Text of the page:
| BACK |
Most, or perhaps all of us, have had 'sliding doors' incidents/events in our lives (those incredibly life-changing moments determined by someone or something other than ourselves), and I have to say that my most significant one was leaving Telopea Park High School.
Leaving Telopea at the end of 1964 meant leaving a school with traditions (and lovely leafy old trees) and all the kids I'd grown up with in Yarralumla along with the new friends I'd made. It also meant leaving a brand new house in Deakin, leaving a Dad who was a doctor (but had a new wife), and leaving the south side of Canberra (and if you think back, there were two sides of Canberra in those days). There was a happy moment about leaving Telopea though. Barbara McGann and I were very close friends, and to this day I remember when she had to go up to the office one day, and then vividly recall seeing her racing down to where I was having lunch, calling out that she was leaving too! And that made it all right. It was the day Mr McGann had heard that he had been appointed headmaster at Young High School. As it happens Barbara and I spent many school holidays together after that and I found out what growing up in a country town was like (party line phones for instance!)
What I left Telopea to go to, at Dickson High School, was a very new school where the traditions were yet to be formed, and kids who had almost all come from somewhere else outside of Canberra. What we also had to adapt to was a mother struggling to bring up four children on her own, a house too small for five people (very interesting discriminatory rules the Dept of the Interior had about housing in those times) but, in time, I made some very good friends including one who is now my wonderful sister-in-law. How different my life may have been. I met my future husband at that time, although we didn't marry until much much later, and so those 'sliding doors' gave me my two lovely children (a daughter and a son) as well as a fantastic mother-in-law, Myrna. She is another of our group with a connection to Parliament House (Brett alluded to the many associations among our group). Her father, Harry (Henry) Dodd was the second Serjeant-at-Arms, and was present at the 1927 opening of Parliament House, while his wife stayed in Melbourne with first her daughter and waited for her second baby, Myrna, to be born in a 'proper' hospital in December that year.
I have had a varied career incorporating libraries, computers and training which began with a number of fun and stimulating years at the National Library, followed by eight years in Melbourne in a variety of roles. Then an exciting few years with the Australian Bicentennial Authority, although by the time 1988 came along I wasn't able to be quite as involved as I had originally planned, because I was busy having my second child - the Bicentennial baby. We were living, very fortunately, with extraordinary views of Sydney Harbour at the time, so all the harbour festivities came to me and we had a perfect venue for all our friends to enjoy them too.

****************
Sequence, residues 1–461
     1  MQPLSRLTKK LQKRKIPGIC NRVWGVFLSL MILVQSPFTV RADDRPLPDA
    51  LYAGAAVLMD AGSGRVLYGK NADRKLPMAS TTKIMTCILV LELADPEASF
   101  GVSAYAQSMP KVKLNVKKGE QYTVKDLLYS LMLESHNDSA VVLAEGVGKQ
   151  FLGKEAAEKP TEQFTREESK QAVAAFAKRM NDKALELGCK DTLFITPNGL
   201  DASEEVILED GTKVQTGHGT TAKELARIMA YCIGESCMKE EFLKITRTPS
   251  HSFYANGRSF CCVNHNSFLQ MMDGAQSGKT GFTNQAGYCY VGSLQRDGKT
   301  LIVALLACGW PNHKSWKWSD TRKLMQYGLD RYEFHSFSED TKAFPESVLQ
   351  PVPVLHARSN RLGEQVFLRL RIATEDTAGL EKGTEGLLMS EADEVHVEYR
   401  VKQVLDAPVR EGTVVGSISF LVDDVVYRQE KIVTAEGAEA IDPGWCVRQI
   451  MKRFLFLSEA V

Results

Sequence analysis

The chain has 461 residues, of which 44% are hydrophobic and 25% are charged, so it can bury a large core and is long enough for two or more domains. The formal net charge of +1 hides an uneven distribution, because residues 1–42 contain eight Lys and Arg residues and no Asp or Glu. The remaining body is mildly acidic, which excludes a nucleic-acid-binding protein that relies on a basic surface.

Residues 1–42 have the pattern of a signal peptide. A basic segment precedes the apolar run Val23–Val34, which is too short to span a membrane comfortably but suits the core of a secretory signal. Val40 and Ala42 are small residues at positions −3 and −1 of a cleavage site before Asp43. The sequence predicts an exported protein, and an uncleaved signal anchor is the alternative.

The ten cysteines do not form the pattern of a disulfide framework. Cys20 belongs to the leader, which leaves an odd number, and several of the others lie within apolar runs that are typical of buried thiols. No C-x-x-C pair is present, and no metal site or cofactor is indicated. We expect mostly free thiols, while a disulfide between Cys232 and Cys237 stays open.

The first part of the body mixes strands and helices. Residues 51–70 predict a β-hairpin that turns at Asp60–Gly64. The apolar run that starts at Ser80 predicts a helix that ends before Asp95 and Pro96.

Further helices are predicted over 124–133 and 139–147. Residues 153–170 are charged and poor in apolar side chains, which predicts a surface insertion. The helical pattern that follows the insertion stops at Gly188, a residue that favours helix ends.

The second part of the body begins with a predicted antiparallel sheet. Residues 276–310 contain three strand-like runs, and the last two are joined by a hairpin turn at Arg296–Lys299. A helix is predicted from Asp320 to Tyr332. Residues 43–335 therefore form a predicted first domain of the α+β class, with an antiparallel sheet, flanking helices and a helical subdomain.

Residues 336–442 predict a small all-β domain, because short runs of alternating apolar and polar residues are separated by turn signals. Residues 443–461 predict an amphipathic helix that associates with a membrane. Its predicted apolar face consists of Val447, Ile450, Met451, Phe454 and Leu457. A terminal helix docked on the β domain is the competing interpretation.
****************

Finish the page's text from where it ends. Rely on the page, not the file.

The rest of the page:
Back to Canberra. When my sister Caroline (3 years older - left Telopea 1962) and I attended a Yarralumla primary school reunion a few years ago, many of the 'kids' (ex-students) told us stories of going to see our dad, Dr Martin, at the original surgery which was two extra rooms added to the side of our house in Weston Street, before the shops and new surgery were built. In the 1960s he started up a second practice at 33 Giles Street, Kingston, an old house on a massive block on the corner of Tench Street. I wonder if any Telopea students may have been patients of his then. It was a time when we had very little contact with him, so any (non-personal/medical) anecdotes would be wonderful. He was also one of the founding members of the Canberra Wine and Food Club, still there in Fitzroy Street, Forrest. Any connections there?
As I am sitting writing this hearing Normie Rowe being interviewed by Richard Fidler in the background, I am inspired to add that Dickson High School's major contribution to Canberra life in the 60s was our fantastic school band, the Limit Five which went on to much bigger things, and for those who followed 'pop' music, Alan Britton, who became a member of the Dynamic Hepnotics (now apparently with a group the Bondi Cigars) also went to the school.
Enormous gratitude to Jan, Brett and Barry (and Terry for her delightful schoolgirls) for all the time and effort they have put in to create such an amazing website, and enabling us all to be transported back to our schooldays. Also to the committee for having given up their time. I am really looking forward to the October weekend, and enjoying the activities with Caroline. She has never heard of a reunion of her year, so she can be part of ours instead!